On one hand Kant's transcendental idealism seems purely ontological: His noumena/phenomena distinction is essentially a form of dualism. Add to that: Marx considered himself a materialist in ...
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How might an idealist explain the empirical success of science?

In the miracles argument for scientific realism it is said that our best theories are extraordinarily successful: they facilitate empirical predictions, retrodictions, and explanations of the ...
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How are epistemological and ontological realism related?

The SEP article on idealism begins: ... [this article] examines the relationship between epistemological idealism (the view that the contents of human knowledge are ineluctably determined by ...
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How is Kant's transcendental idealism related to Berkeley's subjective idealism?

My understanding is that Berkeley considered the outside world to have no existence at all, and took the statement "It's all in the mind" literally, whereas Kant argued that the outside world exists ...
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Does idealism allow for thought without any sensory input?

As I understand, idealism is the view that the mind is fundamental and the body as well as the world we perceive are just derivatives of the mind. Is this right? If so, if we had a hypothetical being ...
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Is beauty about materialism or idealism [closed]

I have a question about the proverb: "Beauty is in the eye of the beholder". In this proverb, is beauty a materialist concept or an idealist concept, and why? In my opinion, the concept of beauty ...
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Are consistent solipsists limited to the singular when referencing themselves?

If you are an Idealistic Solipsist, is it not true that you must say "I am a Solipsist." or "I am the Solipsist."? One cannot say "I am one of the Solipsists" for example. Are there other ...
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Berkeley's idealist view of physical objects

Berkeley sees objects as a set of ideas. His strict view on objects allows for cases like his relativity of perception argument (where a bucket of water can be both warm and cold, one person can find ...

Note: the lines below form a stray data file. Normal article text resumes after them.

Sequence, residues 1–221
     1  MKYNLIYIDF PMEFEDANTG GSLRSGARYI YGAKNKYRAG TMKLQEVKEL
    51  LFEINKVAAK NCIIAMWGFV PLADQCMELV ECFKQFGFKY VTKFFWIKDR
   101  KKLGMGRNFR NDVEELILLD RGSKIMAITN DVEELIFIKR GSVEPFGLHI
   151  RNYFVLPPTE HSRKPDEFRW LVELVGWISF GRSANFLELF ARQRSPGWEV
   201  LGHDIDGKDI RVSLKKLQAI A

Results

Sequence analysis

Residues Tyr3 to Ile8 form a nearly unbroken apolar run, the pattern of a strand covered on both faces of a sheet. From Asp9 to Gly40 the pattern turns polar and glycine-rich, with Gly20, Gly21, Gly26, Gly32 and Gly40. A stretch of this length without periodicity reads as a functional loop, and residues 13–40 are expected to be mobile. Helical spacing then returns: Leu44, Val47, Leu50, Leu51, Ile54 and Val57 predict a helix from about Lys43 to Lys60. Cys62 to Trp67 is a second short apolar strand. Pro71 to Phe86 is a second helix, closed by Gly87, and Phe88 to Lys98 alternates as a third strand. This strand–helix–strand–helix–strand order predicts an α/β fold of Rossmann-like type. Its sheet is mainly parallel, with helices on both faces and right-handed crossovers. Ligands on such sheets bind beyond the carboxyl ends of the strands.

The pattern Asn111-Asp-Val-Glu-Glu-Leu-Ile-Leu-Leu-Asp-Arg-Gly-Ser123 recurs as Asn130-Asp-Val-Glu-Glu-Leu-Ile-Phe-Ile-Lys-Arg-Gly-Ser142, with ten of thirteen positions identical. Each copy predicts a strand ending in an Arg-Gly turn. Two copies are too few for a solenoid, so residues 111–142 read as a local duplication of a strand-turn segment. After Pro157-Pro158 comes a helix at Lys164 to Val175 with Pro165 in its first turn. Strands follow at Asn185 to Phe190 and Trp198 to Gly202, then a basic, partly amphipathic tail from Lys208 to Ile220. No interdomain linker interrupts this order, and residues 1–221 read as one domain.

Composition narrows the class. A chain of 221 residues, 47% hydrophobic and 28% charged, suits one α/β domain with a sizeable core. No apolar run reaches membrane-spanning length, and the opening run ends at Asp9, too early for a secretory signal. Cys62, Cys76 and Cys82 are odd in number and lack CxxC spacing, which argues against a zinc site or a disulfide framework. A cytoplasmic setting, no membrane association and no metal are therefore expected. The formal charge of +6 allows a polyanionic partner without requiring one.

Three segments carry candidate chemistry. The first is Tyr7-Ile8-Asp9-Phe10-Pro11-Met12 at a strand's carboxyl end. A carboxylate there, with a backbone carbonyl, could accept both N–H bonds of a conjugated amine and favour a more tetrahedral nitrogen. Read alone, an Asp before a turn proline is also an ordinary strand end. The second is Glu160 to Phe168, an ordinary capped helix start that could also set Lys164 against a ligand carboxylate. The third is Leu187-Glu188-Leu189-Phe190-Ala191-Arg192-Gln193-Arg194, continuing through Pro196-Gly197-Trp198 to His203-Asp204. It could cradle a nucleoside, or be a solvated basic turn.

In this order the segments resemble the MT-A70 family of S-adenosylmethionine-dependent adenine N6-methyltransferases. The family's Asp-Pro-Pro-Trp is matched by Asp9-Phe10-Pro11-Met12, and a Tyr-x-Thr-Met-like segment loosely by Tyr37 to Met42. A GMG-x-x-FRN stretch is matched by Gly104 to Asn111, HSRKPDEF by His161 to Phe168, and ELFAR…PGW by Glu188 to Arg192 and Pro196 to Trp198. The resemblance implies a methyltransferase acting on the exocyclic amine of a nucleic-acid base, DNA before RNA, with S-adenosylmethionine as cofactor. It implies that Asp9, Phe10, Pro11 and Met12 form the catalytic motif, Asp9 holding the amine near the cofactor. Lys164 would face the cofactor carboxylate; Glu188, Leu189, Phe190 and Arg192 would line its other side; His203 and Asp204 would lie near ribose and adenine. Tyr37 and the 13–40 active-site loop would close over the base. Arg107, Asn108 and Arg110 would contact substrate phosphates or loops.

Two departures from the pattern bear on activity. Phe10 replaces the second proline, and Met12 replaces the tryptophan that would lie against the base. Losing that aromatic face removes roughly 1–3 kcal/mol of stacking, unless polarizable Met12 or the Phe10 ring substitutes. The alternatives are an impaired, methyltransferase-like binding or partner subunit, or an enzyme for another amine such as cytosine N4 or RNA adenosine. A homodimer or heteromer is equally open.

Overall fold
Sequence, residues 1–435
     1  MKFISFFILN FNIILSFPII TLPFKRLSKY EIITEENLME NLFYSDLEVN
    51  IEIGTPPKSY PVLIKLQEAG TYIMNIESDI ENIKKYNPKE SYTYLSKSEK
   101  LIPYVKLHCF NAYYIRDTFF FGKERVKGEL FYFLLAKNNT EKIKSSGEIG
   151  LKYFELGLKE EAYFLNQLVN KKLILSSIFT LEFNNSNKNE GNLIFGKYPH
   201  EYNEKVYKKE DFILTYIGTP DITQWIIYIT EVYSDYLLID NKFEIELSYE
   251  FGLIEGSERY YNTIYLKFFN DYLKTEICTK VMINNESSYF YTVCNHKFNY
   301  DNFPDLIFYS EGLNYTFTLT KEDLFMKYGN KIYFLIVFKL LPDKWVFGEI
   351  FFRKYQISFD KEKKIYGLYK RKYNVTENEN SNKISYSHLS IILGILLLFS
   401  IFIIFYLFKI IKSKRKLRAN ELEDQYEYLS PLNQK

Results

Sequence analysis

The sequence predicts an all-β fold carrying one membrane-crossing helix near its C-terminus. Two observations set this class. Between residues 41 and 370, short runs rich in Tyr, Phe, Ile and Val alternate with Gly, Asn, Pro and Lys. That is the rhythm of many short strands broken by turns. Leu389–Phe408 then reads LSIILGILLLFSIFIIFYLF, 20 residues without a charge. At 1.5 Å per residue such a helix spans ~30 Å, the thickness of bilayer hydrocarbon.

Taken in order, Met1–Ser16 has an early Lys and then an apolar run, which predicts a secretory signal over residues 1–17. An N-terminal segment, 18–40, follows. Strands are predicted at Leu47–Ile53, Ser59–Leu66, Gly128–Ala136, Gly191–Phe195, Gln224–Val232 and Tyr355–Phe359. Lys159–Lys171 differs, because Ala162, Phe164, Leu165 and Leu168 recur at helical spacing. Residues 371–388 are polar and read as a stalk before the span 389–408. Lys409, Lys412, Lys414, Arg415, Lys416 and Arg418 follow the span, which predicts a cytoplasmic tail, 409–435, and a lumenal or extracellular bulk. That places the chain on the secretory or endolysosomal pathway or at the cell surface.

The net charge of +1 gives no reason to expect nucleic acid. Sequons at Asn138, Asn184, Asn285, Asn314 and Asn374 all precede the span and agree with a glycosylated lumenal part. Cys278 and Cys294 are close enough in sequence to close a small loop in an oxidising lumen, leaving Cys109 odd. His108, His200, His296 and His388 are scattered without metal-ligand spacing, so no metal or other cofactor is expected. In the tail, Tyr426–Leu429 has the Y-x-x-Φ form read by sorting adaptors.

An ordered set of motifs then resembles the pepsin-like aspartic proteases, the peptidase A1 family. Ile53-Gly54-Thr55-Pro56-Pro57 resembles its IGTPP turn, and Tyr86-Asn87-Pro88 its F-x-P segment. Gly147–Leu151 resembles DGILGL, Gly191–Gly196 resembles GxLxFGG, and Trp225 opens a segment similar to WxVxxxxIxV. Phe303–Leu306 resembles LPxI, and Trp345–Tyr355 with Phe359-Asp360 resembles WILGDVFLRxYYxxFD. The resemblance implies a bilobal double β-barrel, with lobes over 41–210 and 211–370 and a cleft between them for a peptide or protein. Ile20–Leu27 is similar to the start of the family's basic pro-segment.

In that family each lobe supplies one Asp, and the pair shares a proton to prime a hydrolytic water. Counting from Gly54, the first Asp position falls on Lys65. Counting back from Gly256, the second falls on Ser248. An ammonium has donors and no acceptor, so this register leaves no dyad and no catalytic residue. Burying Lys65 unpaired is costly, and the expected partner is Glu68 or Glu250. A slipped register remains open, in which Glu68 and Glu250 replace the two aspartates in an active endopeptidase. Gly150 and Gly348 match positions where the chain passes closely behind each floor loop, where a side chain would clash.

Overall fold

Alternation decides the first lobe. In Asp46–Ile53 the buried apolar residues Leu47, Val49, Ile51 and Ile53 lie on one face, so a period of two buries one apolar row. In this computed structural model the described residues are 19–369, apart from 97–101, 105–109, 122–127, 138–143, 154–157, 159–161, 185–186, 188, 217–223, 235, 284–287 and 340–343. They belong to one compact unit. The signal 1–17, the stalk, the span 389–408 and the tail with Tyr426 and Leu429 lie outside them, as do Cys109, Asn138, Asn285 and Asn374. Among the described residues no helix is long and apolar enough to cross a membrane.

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How would Kant defend the concept of the noumenon against Berkeley's charge?

Berkeley asserts that it is meaningless to speak of things-in-themselves that are not subject to human evaluation. Given that, no ampliative judgements can be made by postulating a causal relation ...
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Saussure and idealism

If terms are arbitrary designations like Saussure says then does semantic idealism [language does not refer beyond itself] not collapse into scepticism?
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German philosophers on (french) revolution

I'm reading an essay written by the Italian philosopher Remo Bodei, where he examines the thoughts of some German philosopher on the french revolution and revolutions in general. According to him, ...
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Kant's thing(s) in themselves and atomic physics

In answer to someone's question regarding Kant's idealist view of space vs. modern science, someone referred to the dichotomy between a cup as normally perceived and a cup as a collection of atoms. If ...
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What should I read before reading Hegel's “Phenomenology of Spirit”?

Are there some writings that I should make myself familiar with beforehand, in order to rightly understand Hegel's Phenomenology of Spirit? I am thinking of works like Spinoza's Ethics German ...
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How materialism can be consistent in the context of qualia and simplicity?